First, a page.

Girls planting trees on Tu B'Shvat
Girls planting trees on Tu B'ShvatFlash 90

Tu Bishvat is, traditionally, a pleasant Jewish festival in which Jews reconnect to nature with the planting of trees.

It became a cornerstone of Zionism and the establishment of the Jewish State. Pictures of brawny men and attractive women tilling barren fields over a century ago portrayed the new Jew, prepared to have calloused hands and sweaty brow to revive a long dead nation.

This mission has been renewed in the age of climate change and the greening of the land.

Not anymore. Planting trees has become yet another cause to attack Israel.

The barren Negev has always been Israel’s biggest challenge harking back to the early sprouts of the nascent state.

To David Ben Gurion, Israel’s first Prime Minister and a driving force to revive the Negev, the vast desert space in southern Israel was one of his greatest challenges. His hope: To make it bloom and attract a thriving modern population.

He was so much a man of the Negev that he made his home in a simple Negev kibbutz hut and made it his wish to be buried in its earth.

So, shockingly, almost fifty years after his death, when the Jewish National Fund which, for one hundred and twenty years has been granted title to 13% of the land of Israel and entrusted to plant trees and green the land, tree planting in the Negev was violently disrupted by Bedouin Arabs. Fights took place between the Bedouin and the police.

The country was in uproar.

Bedouin shepherds have roamed the land for centuries with their goats and sheep, pitching their tents wherever it pleased them. Their presence was once looked at as a pleasant rural backdrop by tourists, but a nuisance to the people developing their country.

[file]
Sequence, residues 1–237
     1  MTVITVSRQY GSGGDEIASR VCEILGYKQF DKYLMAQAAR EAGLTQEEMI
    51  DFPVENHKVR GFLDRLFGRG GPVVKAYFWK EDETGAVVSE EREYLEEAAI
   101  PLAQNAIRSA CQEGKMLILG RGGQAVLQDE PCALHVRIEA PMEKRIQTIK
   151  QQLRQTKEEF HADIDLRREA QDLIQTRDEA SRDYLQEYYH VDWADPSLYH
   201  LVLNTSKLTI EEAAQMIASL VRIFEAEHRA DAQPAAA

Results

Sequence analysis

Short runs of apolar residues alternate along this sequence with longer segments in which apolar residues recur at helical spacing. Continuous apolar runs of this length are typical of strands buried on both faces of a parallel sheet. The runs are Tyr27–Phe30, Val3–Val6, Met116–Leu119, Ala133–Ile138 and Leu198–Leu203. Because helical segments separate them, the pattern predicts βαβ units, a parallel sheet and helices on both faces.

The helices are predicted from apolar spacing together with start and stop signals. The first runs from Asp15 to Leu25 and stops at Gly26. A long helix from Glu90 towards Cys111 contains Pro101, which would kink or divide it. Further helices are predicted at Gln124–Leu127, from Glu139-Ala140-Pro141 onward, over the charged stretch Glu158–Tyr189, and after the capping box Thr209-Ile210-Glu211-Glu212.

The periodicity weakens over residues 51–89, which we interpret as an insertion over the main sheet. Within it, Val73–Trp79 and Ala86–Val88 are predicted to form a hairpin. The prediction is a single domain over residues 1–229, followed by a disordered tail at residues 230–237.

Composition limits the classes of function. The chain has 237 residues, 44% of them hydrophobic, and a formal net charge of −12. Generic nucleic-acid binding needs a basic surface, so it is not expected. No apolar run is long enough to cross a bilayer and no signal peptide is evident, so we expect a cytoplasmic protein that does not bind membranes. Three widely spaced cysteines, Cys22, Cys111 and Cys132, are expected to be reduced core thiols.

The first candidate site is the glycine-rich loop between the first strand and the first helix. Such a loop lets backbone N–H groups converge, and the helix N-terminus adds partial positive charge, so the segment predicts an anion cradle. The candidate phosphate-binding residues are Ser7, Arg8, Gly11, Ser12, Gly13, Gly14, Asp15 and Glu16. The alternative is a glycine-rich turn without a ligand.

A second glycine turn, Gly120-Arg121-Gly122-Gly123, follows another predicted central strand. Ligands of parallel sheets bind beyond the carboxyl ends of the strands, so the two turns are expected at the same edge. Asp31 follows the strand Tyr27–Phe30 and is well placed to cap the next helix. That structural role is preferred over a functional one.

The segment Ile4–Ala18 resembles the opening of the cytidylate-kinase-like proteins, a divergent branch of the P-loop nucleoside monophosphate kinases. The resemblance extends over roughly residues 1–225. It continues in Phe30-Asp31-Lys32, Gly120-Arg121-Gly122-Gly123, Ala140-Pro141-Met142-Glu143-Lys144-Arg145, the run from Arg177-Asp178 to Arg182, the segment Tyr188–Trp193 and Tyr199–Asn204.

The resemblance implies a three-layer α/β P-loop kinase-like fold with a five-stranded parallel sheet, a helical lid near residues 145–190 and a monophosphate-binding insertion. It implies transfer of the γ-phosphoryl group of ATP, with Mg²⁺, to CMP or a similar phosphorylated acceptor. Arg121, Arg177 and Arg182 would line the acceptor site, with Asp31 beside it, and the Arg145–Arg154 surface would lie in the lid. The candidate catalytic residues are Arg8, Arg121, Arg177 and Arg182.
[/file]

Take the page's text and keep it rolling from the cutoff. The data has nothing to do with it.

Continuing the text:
But now, the two cultures came into open conflict over issues badly handled by the current Israeli Government.

Let it be clear. The Negev Bedouin have never proved any legal claim to land on which they have pitched their tents and grazed their animals. They drifted into the area, they pitched their tents, they stayed, they are squatters.

They were offered new homes in collective areas where they can maintain their culture, their language, their religion and manage their own affairs as legitimate members of Israeli society. Some accepted. Most didn’t, preferring not to comply with any authority.

But for them to object to the planting of trees on state land is an affront to common sense.

First, the land in which the trees are to be planted is not legally theirs, not independently and not collectively, and people who profess to love the land surely should not object to having any land gifted with the protective shelter and shade of trees.

Furthermore, no one lives on the land selected for the Tu Bishvat tree planting.

Past Israeli governments have taken a benign attitude of tolerating the expansion of illegal structures across the Negev as anyone who drives south towards Beer Sheba has witnessed, but the vast spread of Bedouin squatters has become an intolerable obstacle to the development of this increasingly important region.

Conversely, the current riots over the planting of a few trees in one specific area comes within days of a controversial decision by the Knesset to provide electricity to an estimated 130,000 Arab Israelis living in illegally built homes in the Negev.

The juxtaposition of people living on land not theirs, who refuse generous governmental offers of new modern housing in structured collective communities, who are to be provided with a proper electricity system, yet violently riot against the planting of trees indicates they are stubbornly more willing to continue living in their illegal homes rather than join a modern society.

Furthermore, there is evidence that the situation is being made worse by malevolent outsiders who are trying to inflame the situation by portraying the Negev Bedouin as false martyrs of Arab Palestinianism and Islamism so as to turn the issue into a global confrontation against Israel and Jews.

And all that does is place another burning torch into the dead tinder of a sensitive issue.

Barry Shaw is Senior Associate at the Israel Institute for Strategic Studies.